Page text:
To survive, the Babine River must overcome ecological, political and social challenges. Since 2001 the Foundation has pursued the following strategy to address them.

  • Maintaining the priceless value of the wilderness at all times.

  • Providing a single voice for all park use permit holders in the provincial park.

  • Liaising with other organizations and government ministries.

  • Identifying common concerns and forming position papers.

  • Sharing information with and fully understanding the positions of all stakeholders.

  • Taking the lead in strategic planning and proactively finding solutions.


Steelhead and salmon are the keystone species for the ecosystem of the Babine Watershed. Without steelhead and salmon, the forest with all of its flora, fauna, birds and animals would eventually disappear. Steelhead and salmon provide the bulk of the nutrients required by all living things, not just protein for grizzly bears and eagles but also fertilizer for plants and food for invertebrates and other fish.

The main environmental stresses on the Babine come from

  • Erosion caused by logging and other extractive industry too close to waterways.

  • BC salmon hatcheries, a source of genetic dilution and disease.

  • Road construction, causing contamination and pollution.


The Babine River Foundation is dedicated to maintaining the health of the Babine Watershed ecosystem forever.


  • Preserve clean water in the Babine and its tributaries, the Nilkitkwa, Nichyeskwa, Hanawald, Shelagyote, and Boucher.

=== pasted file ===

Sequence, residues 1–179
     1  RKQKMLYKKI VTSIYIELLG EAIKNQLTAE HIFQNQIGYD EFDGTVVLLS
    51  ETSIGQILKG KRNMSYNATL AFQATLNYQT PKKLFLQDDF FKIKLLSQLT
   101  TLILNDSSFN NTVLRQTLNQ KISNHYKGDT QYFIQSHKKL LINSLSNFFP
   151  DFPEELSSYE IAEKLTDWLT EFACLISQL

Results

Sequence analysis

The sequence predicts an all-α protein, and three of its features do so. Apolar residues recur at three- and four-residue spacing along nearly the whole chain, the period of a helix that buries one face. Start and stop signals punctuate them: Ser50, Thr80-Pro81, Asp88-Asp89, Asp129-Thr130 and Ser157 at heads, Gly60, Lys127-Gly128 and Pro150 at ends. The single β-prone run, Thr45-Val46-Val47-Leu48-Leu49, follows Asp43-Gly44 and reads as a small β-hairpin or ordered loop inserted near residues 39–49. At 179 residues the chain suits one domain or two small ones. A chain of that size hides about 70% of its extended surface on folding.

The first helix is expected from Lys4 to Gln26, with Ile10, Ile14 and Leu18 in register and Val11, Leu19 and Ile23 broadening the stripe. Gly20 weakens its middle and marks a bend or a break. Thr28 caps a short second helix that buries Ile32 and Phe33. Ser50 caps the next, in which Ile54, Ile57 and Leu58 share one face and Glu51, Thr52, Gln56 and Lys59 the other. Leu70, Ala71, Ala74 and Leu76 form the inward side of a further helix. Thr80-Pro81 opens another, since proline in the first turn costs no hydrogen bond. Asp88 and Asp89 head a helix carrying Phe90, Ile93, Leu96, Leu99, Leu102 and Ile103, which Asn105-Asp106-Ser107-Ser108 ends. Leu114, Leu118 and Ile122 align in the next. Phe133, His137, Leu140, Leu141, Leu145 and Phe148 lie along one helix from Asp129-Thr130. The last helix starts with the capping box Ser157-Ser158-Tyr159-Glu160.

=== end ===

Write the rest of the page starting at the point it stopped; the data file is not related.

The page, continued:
• Maintain diversity of habitat across the watershed not just at the riverside.

  • Maintain wilderness by preventing unnecessary development in the watershed.

  • Conserve historic wildlife numbers with a focus on steelhead, salmon, bears, and eagles.

  • Support community conservation and awareness projects through outdoor education and donations. 

We aim to achieve our objectives through negotiation and cooperation with all stakeholders, including industry and government. The Foundation believes that economic development can coexist with conservation.


In addition to annual monitoring; since 2005 the Foundation has donated over $400,000 to the Babine Monitoring Trust and other community initiatives.

These donations have funded over 25 high priority projects and position papers on:

  • Fish habitat

  • Riparian ecosystems

  • Water quality

  • Wilderness value

  • Grizzly bears

  • Visual quality

  • Tourism value

  • Rare ecosystems


  • The direct annual visitor expenditure in Smithers-Telkwa is $28,730,000 and the total for the Bulkley Nechako Regional District is $58,680,000.

  • A 2005 study by IBM Business Consulting found that Skeena salmon contribute some $110 million to the region’s annual economy.  

  • The Babine supports all five salmon species, 90% of the Skeena sockeye populations and healthy Steelhead returns annually.

  • 4,000-11,000: government estimates of Babine steelhead.

  • 150: average number of grizzlies in the Babine watershed.